The U.S. economy added a solid 110,000 new jobs in September and hiring in each of the two previous months was revised up significantly, the Labor Department said on Friday, showing a more resilient labor market than previously thought.
The surprisingly robust report on monthly hiring outside the farm sector sent bond prices higher and stock futures soaring as investors bet it reduced chances for more cuts in official interest rates by the Federal Reserve any time soon.
The unemployment rate edged up to 4.7 percent from 4.6 percent in August and was the highest since 4.8 percent in July 2006 as the size of the labor force increased.
The payrolls data and the jobless rate are compiled from separate surveys and it was the jobs number -- especially the July and August revisions -- that drew analysts' attention.
The department said 89,000 jobs were created in August, rather than the 4,000 that it reported last month were lost. It also said 93,000 jobs were created in July instead of 68,000 it previously reported -- a total of 118,000 more jobs in the July-August period than it had earlier estimated.
"The economy still looks pretty healthy," said economist Gary Thayer of A.G. Edwards and Sons in St. Louis.
The report paints a "clearly different picture ... than in August and traders are anticipating the economy will continue to grow and not slide into recession." Thayer added.
The September total for jobs created outside the farm sector was modestly higher than the 100,000 that economists surveyed by Reuters had forecast but it was overshadowed by big upward revisions in July and August hiring.
The reason cited for the reversal in the department's August hiring estimate -- to a jobs gain instead of a loss - was the government underestimated government employment, especially hiring of teachers to start a new school year.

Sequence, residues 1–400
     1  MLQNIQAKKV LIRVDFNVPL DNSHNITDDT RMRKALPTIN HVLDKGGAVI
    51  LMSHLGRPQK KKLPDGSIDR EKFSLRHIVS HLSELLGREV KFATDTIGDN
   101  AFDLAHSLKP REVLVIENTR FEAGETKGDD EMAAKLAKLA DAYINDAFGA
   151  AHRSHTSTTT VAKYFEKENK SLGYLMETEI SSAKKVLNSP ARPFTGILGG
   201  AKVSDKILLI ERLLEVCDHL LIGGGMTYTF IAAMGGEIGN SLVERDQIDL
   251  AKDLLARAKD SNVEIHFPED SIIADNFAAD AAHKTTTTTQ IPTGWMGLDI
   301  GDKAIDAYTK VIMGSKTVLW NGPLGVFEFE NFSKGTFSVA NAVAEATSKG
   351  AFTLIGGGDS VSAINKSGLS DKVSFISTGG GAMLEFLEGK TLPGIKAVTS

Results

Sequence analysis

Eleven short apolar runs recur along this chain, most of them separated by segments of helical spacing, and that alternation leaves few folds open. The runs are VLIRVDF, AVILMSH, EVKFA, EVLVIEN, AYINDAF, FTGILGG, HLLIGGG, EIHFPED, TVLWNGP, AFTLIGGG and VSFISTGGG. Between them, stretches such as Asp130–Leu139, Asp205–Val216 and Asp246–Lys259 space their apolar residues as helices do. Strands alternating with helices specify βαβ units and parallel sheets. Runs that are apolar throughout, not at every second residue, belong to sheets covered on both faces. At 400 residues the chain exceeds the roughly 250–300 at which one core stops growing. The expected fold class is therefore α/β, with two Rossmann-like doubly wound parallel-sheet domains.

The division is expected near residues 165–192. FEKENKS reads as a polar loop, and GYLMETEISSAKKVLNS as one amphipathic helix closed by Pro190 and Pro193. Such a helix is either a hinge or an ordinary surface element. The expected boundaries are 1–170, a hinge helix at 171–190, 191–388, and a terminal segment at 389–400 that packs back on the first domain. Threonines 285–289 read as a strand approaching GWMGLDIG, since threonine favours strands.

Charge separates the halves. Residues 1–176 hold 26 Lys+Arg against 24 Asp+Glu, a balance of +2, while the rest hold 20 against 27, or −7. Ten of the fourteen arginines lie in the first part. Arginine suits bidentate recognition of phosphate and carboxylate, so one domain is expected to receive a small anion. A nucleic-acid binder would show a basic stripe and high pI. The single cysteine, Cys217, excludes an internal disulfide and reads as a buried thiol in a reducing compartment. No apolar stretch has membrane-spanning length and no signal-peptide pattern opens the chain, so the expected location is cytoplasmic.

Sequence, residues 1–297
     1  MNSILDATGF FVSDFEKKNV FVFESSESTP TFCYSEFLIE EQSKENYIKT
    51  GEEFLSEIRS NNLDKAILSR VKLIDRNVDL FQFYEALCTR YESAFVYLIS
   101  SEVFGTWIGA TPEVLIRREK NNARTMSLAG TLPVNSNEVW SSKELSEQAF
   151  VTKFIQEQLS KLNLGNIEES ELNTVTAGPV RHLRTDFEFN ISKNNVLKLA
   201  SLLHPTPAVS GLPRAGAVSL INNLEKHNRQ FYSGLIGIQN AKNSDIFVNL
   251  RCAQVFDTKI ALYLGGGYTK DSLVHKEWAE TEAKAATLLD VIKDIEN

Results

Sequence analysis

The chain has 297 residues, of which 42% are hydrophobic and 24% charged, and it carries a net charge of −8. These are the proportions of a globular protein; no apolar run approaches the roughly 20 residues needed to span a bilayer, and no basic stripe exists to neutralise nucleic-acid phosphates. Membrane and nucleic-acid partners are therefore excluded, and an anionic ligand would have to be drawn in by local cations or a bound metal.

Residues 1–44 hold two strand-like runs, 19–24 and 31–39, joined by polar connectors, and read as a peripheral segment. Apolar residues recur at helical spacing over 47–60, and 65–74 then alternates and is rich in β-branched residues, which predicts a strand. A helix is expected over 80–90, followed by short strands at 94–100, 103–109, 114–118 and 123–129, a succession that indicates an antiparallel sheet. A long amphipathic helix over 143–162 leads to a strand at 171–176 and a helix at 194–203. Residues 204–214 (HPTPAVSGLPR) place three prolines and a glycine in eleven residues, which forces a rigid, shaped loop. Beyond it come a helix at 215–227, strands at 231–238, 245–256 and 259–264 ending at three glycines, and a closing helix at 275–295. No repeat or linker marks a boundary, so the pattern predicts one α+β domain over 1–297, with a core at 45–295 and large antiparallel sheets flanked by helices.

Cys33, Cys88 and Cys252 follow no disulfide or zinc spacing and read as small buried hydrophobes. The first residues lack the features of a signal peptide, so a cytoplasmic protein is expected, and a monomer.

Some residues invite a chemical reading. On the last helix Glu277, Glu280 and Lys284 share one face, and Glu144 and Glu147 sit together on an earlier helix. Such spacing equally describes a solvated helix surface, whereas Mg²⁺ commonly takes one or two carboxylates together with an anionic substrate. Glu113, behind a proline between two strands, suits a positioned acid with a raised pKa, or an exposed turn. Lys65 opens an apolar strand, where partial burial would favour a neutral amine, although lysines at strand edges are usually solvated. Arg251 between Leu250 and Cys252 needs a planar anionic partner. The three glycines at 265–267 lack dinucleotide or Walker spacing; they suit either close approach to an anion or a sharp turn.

The bulk of the gains in September hiring came in service industries, including an addition of 44,000 in education and health services and 37,000 in the government. In the goods-producing sector, another 18,000 factory jobs were shed and 14,000 construction jobs were lost.
Some analysts cautioned that, notwithstanding the relatively strong third-quarter job performance, the pace of hiring may soften. The U.S. housing sector remains in decline and the consequences of disruptions in financial markets stemming from U.S. subprime mortgage problems have not yet been fully felt.
"It shows that in the immediate aftermath of all the turmoil on Wall Street in July and August, Main Street jobs were still growing, particularly in the private sector at a moderate pace," said Stuart Hoffman, chief economist at PNC Financial Services Group, Pittsburgh.
"Maybe it does say that the Fed skips the month of October on a rate cut, but there is still evidence here that job growth is not growing like it was," Hoffman said.